Rewards members receive other benefits too. These include a free box of checks annually, a 0.20% higher yield on certificates, and a 0.15% discount on consumer loan rates — with an additional 0.35% off for online applicants who sign up for automatic payment. The rewards program even rebates $200 in closing costs for a new first mortgage and up to $25 in ATM fees.

Currently, 32% of checking accounts at LAPFCU qualify for rewards, and the credit union has returned 73% of its fee income to loyal members in the form of rebates, rate discounts, or higher certificate yields.

Member behavior has changed significantly as a result of the new approach. From October 2012 through December 2013, credit card and checking accounts with only eStatements skyrocketed 46%. For every user that switched from paper to electronic statements, LAPFCU saved more than $2.49 per month for a total annual savings of about $30,000. Mortgage loan balances also rose 30% during the same period along with a 16% increase in credit card transactions. That growth occurred despite LAPFCU losing 626 members because of the new fees.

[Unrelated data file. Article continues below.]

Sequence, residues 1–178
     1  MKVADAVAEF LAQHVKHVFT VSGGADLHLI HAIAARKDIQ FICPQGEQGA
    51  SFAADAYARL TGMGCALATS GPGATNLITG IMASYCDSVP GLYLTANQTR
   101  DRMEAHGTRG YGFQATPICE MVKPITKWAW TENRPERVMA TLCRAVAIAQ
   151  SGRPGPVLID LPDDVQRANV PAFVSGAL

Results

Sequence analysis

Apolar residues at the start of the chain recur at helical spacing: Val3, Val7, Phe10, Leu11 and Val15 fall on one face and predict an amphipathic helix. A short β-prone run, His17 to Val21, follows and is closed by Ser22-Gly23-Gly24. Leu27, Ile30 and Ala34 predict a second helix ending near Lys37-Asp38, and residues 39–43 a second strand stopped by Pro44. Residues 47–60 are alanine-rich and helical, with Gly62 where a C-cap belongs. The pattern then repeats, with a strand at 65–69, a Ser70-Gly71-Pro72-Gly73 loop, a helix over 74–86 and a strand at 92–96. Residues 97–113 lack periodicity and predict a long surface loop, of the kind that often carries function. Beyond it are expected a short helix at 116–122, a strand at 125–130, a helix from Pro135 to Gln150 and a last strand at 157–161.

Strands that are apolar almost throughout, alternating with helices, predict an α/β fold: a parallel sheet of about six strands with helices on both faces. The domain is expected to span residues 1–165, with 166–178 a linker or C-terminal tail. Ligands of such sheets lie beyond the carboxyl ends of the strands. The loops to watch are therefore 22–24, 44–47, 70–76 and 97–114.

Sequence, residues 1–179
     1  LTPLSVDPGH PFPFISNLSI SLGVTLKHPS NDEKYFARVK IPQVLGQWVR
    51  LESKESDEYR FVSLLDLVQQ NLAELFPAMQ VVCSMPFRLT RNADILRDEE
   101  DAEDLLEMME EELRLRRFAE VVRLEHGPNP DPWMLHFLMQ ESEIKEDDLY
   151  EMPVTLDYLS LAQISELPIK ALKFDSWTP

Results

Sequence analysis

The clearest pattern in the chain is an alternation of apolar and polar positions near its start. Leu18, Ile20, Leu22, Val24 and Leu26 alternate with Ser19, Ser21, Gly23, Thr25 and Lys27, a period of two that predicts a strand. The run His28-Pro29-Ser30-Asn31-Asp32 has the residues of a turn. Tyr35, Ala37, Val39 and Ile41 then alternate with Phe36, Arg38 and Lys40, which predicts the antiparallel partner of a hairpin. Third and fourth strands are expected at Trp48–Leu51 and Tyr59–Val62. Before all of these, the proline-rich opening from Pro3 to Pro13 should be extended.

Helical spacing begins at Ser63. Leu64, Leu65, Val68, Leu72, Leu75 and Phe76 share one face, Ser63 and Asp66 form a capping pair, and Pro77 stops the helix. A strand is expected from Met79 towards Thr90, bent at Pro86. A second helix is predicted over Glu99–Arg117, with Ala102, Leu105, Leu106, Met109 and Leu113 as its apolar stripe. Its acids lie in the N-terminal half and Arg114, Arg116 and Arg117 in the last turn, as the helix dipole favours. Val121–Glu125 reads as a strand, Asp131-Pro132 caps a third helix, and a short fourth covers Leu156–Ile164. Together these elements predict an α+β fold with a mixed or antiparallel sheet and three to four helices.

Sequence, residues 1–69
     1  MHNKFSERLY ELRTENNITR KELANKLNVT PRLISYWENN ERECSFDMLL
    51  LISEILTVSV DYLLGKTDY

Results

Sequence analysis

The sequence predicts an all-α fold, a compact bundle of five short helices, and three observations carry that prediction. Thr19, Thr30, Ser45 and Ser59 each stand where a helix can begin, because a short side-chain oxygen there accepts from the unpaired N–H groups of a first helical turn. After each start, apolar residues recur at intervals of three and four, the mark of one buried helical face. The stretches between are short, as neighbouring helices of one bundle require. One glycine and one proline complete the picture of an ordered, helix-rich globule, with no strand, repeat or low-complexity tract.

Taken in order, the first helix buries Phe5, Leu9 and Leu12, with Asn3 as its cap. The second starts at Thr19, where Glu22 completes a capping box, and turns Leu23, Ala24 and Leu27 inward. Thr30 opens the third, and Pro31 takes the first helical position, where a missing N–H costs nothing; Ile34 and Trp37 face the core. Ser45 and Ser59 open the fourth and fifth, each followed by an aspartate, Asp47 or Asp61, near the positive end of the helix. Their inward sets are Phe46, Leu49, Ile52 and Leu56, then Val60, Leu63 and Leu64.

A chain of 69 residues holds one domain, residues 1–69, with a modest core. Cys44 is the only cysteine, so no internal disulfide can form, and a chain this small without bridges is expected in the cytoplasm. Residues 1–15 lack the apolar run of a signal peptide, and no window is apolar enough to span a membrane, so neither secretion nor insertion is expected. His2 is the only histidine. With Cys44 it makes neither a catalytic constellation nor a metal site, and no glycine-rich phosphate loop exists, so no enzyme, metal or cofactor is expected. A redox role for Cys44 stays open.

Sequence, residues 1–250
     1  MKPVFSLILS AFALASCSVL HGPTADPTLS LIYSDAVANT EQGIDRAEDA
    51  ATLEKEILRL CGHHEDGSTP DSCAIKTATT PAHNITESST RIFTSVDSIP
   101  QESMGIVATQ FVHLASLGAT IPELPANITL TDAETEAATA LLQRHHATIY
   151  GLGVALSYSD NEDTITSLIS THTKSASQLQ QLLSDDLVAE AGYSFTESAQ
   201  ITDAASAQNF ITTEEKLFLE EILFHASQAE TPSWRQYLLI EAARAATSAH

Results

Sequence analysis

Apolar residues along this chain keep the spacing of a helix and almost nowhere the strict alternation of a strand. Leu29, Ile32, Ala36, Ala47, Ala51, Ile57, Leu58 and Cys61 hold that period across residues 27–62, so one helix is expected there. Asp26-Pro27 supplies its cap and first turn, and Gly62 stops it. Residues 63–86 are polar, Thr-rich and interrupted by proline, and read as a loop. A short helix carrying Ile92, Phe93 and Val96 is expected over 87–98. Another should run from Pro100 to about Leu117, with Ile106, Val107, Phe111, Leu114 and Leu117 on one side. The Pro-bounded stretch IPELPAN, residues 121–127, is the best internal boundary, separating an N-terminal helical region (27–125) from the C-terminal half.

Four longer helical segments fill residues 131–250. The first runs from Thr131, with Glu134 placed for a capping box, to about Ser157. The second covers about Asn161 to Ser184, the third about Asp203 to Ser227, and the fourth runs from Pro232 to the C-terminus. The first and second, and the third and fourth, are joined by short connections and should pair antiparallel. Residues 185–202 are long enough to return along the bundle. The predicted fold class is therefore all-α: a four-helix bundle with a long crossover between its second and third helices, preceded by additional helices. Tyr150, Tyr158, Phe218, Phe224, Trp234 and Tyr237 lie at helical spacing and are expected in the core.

"We knew some of those accounts would go away," says Carol Martin, senior vice president of operations and member relations. "That was the goal — either become engaged or leave the credit union."

Overall, the program is responsible for making 42% of accounts profitable at year-end 2013, up slightly from just below 40% when the program began.

"Moving that number takes a lot of work," says Manny Padilla, Jr., LAPFCU's vice president of marketing. "It's like moving a boat to avoid an iceberg."

Nevertheless, he says, "The program has far exceeded our initial goals because we expected more resistance from members on the fees." If there's any lesson learned, he adds, it's that it never hurts to ask members to step up their business with the credit union.

 

 

 

April 11, 2014


Comments

 
 
 
  • Great article!
    Anonymous
     
     
     
  • Great article Catherine. Thank you for the analysis
    Anonymous